any large, brown, cold-water seaweed of the family Laminariaceae, used as food and in various manufacturing processes.
a bed or mass of such seaweeds.
the ash of these seaweeds.
verb (used without object)
to burn these seaweeds for their ash.
any large brown seaweed, esp any in the order Laminariales
the ash of such seaweed, used as a source of iodine and potash
1660s, from Middle English culpe (late 14c.), of unknown origin. Kelper “native or inhabitant of the Falkland Islands” is attested from 1960.
Any of various brown, often very large seaweeds that grow in colder ocean regions. Kelps are varieties of brown algae of the order Laminariales, with some species growing over 61 m (200 ft) long. Kelps are harvested as food (primarily in eastern Asia), as fertilizer, and for their sodium and potassium salts, used in industrial processes. Kelps are also a source of thickening agents and colloid stabilizers used in many commercial products. See more at brown alga.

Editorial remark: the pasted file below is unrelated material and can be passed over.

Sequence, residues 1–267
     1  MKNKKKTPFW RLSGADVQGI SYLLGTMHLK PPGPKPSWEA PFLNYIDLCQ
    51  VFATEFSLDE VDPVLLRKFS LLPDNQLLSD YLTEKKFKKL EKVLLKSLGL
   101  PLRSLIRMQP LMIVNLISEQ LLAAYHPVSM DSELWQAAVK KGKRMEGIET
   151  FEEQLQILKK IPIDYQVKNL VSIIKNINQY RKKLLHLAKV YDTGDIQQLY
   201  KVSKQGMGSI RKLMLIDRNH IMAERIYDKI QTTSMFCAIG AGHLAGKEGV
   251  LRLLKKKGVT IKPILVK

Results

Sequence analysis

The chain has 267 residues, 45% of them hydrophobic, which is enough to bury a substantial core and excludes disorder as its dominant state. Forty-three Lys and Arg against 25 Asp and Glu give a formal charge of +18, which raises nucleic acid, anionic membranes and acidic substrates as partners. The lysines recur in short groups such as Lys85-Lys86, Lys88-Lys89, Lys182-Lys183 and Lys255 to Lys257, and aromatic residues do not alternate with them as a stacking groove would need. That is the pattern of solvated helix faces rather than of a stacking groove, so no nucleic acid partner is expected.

[bas] /bæs/ noun 1. a sea bass, Paralabrax clathratus, of southern California coastal waters, valued as a food and game fish.
noun 1. any of several spider crabs common among kelp beds along the Pacific coast of North America.
[kel-per] /ˈkɛl pər/ noun, Informal. 1. a native or inhabitant of the Falkland Islands.
[kelp-fish] /ˈkɛlpˌfɪʃ/ noun, plural (especially collectively) kelpfish (especially referring to two or more kinds or species) kelpfishes. 1. any of several blennies that are common among . Compare . 2. any of various other that live among .